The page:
Will Supreme Court ruling on immigrants pit Big Business against states?

The Supreme Court ruling affirming Arizona's right to yank licenses from firms that employ illegal immigrants may spur similar laws in other states, pitting politicians against their business allies.

Michael Brannock/The Arizona Republic/AP/File
Maricopa County Sheriff deputies arrest six employees of a dry cleaners during an immigration raid on Wednesday, April 13, 2011 in Mesa, Ariz.

The US Supreme Court's ruling this week to uphold the ability of Arizona and a handful of other states to shut down businesses that repeatedly and intentionally hire illegal immigrants may lead more states into experimenting with crackdowns that don't preempt federal law.

But the ruling is also likely to wake up business lobbies that until now have hesitated to complain about tougher anti-immigration measures for fear of implicitly acknowledging that their industries are employing undocumented workers.

While Thursday's ruling was narrow and specific to the licensing issue – leaving in legal limbo many aspects of other new immigration laws in states like Arizona, Utah, and Georgia – it immediately raises a question that American industry is now likely to use to confront Congress, says Muzaffar Chishti, director of the Migration Policy Institute office at New York University School of Law.

"The untalked about story is that the hiding of unauthorized workers is now much more powerful in terms of its impact on business than major violations of other laws, even those that may lead to criminal prosecution," says Mr. Chishti.

Nevertheless, the ruling is likely to give a boost to bills in states like Colorado that attempt to strengthen states' ability to sanction businesses that repeatedly hire illegal workers. While four states currently have Arizona-style licensing laws, another 13 states signed a legal brief in support of the Arizona law.

The ruling removes a legal hurdle for states that have been cautious about immigration enforcement because of the constitutional issues such laws raise, especially state preemptions of federal jurisdiction.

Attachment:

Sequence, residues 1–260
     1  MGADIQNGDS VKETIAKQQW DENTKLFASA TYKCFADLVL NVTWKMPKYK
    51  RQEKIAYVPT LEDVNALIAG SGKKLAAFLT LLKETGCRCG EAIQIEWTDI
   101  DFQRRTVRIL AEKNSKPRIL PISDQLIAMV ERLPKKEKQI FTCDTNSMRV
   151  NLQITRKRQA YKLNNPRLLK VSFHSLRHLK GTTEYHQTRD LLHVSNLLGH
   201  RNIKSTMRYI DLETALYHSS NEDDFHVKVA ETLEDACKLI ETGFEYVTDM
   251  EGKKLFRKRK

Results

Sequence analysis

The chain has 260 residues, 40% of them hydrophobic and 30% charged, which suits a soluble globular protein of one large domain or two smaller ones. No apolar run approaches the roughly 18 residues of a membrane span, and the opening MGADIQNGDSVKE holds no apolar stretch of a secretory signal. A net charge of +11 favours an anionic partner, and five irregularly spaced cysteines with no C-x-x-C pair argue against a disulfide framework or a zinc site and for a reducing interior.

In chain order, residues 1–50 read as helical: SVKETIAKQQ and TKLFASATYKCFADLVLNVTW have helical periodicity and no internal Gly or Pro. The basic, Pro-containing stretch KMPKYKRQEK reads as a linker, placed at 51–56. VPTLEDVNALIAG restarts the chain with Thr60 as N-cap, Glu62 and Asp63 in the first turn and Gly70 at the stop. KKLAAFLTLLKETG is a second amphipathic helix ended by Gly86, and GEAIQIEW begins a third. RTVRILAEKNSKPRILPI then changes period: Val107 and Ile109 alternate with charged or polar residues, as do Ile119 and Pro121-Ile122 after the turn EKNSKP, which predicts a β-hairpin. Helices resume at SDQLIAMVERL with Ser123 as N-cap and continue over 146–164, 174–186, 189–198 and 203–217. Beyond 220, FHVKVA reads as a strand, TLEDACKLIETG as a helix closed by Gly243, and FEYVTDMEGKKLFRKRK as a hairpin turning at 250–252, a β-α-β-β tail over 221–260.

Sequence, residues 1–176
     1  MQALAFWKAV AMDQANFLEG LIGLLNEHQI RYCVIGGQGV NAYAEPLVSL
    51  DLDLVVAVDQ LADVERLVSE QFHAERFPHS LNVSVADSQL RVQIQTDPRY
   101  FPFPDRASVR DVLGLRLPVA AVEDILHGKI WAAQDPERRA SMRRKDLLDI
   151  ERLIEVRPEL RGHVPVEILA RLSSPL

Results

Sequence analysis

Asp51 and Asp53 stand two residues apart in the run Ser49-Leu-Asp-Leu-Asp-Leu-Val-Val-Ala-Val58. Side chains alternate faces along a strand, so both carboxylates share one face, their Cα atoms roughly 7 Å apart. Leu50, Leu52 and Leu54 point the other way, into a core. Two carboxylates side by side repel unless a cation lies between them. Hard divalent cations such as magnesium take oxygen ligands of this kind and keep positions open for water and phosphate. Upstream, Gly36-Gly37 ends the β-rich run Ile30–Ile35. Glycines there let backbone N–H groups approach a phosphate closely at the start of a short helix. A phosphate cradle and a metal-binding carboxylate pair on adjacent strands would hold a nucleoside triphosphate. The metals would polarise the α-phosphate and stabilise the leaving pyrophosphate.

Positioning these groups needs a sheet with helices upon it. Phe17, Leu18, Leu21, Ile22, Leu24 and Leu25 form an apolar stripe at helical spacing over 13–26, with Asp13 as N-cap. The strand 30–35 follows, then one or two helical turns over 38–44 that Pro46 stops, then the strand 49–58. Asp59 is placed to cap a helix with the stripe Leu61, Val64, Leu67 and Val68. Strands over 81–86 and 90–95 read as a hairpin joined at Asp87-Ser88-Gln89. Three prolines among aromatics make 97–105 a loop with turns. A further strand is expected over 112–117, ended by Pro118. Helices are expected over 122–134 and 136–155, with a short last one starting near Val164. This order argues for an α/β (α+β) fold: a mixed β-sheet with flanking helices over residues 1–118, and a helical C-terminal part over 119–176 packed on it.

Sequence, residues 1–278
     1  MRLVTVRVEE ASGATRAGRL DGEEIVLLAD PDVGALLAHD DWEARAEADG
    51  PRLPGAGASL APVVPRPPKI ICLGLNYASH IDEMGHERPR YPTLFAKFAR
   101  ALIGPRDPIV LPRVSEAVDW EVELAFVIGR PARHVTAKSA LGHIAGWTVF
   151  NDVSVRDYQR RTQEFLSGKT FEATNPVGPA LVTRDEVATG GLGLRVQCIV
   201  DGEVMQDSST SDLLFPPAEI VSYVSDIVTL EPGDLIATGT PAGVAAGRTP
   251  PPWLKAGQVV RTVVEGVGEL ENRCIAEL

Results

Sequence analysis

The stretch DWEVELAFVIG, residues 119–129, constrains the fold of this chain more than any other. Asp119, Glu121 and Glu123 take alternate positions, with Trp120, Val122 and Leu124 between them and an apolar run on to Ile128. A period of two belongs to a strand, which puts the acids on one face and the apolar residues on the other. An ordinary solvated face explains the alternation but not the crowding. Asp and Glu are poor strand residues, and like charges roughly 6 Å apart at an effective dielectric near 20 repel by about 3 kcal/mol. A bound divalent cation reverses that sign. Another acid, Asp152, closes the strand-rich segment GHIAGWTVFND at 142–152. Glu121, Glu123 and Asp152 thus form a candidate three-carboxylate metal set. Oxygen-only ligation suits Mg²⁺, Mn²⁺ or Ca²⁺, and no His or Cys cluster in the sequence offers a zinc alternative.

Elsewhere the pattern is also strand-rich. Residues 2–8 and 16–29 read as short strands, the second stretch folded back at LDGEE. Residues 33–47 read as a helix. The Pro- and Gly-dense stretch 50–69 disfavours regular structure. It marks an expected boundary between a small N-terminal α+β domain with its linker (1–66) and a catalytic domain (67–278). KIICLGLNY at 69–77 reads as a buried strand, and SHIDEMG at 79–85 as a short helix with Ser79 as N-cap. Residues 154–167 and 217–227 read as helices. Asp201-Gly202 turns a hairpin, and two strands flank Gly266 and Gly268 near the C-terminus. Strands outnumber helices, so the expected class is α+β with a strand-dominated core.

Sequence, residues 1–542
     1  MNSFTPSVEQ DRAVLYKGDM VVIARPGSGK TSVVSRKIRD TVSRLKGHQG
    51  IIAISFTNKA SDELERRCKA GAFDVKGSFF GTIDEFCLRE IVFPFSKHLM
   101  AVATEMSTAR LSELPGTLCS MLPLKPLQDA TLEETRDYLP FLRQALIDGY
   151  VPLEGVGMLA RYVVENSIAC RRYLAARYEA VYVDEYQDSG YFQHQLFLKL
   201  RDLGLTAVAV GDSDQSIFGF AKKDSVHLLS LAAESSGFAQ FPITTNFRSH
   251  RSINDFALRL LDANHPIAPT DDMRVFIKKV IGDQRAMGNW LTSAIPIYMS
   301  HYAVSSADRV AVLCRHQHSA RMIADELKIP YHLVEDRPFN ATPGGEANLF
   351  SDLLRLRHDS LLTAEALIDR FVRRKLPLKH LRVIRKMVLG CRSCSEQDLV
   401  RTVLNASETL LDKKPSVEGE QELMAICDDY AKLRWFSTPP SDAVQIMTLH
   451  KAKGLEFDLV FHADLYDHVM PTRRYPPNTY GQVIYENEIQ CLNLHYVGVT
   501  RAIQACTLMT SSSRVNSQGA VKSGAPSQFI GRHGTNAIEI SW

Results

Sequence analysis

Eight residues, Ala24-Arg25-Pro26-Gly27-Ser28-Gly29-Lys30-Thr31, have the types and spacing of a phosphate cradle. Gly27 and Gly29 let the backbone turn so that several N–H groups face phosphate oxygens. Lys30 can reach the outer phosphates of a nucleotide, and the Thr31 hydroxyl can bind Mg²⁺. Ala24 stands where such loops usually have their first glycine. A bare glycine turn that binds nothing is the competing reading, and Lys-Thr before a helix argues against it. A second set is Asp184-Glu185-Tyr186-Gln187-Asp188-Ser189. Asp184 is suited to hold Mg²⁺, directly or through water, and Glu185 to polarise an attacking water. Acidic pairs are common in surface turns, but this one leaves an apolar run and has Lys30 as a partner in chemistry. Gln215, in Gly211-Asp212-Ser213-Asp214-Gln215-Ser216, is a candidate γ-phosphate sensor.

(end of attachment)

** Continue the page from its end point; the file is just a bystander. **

The Supreme Court majority generously interpreted a 1986 federal law meant to reaffirm the US government's jurisdiction over immigration matters, but which left a narrowly worded exception around business licensing. Chief Justice John Roberts, writing for the majority, said the Arizona law in question "has taken the route least likely to cause tension with federal law.”

The state law bars the knowing or intentional hiring of an illegal immigrant. Arizona employers that repeatedly violate the statute may lose their licenses to conduct business in the state.

"[The] Supreme Court on Thursday sent a strong signal that states will be free to experiment with new laws dealing with unlawful aliens living within their borders, at least when the states seek to control access to jobs," writes long-time legal analyst Lyle Denniston on scotusblog.com.

According to the National Conference of State Legislatures, in Denver, 279 bills have been introduced in 44 state legislatures so far this year that focus on employers using some form of work authorization and/or establish penalties for businesses that employ unauthorized immigrants.

But even supporters of tougher immigration laws say state lawmakers are likely to meet opposition as they try to pass laws allowing states to shut down businesses or mandating that employers use the federal E-Verify employee eligibility database.

"Many Republicans are fearful of doing it [using E-Verify] because of course they've got business supporters, people who've given them money, and they're telling them, 'Don't do this ... I'm getting cheaper labor, don't try to shut that door,' " former Colorado Congressman Tom Tancredo told KWGN News in Denver.

That debate is likely to play out in a growing number of states after Thursday's Supreme Court ruling.

"The shift I see since the heyday of the Arizona law is that employers ... have finally begun to make their presence felt in state legislatures," says Chishti, at NYU. "If they're not able to stop or rescind a particular piece of legislation, they manage to reduce it enough to reduce its impact."

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